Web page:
Filmmaker John Sayles specializes in exploring the human relationships that underlie social and political issues, and in Amigo he takes on the 1899-1902 Philippine-American War, a subject that allows for both parallels to current American foreign policy and an examination of an underrepresented period in U.S. history. That description makes the movie sound sort of dry, and it certainly can be at times, especially since Sayles makes an effort to be subdued and even-handed in his portrayals of the American military, the Filipino guerrilla revolutionaries and the average people who were caught between them. Sayles focuses on one village, where local leader Rafael (Joel Torre) is torn between the invading Americans and the revolutionaries hiding in the surrounding jungle.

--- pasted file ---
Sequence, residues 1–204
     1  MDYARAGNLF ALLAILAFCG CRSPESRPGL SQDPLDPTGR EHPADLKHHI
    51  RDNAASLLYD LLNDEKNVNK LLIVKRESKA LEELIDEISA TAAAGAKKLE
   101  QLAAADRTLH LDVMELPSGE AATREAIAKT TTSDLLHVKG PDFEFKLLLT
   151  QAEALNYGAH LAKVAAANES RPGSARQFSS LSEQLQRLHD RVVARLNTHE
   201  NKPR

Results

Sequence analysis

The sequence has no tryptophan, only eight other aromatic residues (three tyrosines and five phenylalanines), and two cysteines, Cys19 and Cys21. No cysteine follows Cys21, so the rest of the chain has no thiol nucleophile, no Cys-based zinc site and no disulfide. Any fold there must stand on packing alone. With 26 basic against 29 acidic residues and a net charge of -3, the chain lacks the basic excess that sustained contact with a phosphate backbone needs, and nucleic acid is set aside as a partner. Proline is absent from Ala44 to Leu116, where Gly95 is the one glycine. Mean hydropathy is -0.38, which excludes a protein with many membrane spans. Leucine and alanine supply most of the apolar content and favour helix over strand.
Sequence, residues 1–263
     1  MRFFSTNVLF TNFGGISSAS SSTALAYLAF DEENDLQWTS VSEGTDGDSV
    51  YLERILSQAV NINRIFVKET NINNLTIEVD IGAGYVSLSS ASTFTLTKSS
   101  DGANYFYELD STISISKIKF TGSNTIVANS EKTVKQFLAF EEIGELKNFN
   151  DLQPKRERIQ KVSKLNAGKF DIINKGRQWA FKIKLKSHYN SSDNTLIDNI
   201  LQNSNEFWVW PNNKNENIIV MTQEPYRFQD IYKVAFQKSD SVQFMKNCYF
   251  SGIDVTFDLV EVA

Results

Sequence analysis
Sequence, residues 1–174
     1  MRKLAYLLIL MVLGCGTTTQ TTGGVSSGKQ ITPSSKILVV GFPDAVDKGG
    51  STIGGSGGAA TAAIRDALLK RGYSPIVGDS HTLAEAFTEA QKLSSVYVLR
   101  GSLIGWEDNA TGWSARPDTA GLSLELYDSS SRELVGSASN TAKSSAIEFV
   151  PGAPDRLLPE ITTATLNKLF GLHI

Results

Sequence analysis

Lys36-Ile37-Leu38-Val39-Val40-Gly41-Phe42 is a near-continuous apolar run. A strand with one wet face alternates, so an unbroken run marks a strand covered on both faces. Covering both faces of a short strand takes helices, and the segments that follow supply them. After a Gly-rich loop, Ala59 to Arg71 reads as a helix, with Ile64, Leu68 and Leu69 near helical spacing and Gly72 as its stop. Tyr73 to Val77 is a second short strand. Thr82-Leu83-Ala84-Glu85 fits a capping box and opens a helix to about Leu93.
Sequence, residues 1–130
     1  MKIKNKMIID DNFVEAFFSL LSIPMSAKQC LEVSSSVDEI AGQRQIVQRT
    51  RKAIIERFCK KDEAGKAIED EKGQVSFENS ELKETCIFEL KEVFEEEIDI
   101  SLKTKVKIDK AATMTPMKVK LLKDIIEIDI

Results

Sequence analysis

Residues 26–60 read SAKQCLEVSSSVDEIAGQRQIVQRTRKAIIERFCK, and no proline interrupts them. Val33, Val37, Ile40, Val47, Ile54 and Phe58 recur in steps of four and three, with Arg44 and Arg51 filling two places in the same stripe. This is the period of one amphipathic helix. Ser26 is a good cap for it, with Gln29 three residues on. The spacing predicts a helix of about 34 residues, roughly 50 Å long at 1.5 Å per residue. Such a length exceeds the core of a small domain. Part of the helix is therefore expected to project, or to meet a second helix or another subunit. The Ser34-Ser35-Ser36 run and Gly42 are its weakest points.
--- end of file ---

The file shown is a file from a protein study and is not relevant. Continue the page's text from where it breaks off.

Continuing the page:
Although the American commander (Garrett Dillahunt) left behind to oversee the village is compassionate and open-minded, the same can’t always be said for the young soldiers in his charge, and the rebel army doesn’t bother distinguishing between well-meaning Americans and more brutal conquerors. The movie eventually becomes a tragedy as Rafael is forced to make impossible choices with no potential positive outcomes, and the ending’s dramatic irony reveals the heavy hand that Sayles has been holding back. Before that, Amigo is quiet and slow, a war drama in which the war has mostly passed the main characters by. Sometimes that provides for unexpected insight, but too often it seems the movie, like the American soldiers, is just marking time until something significant comes along to give it purpose.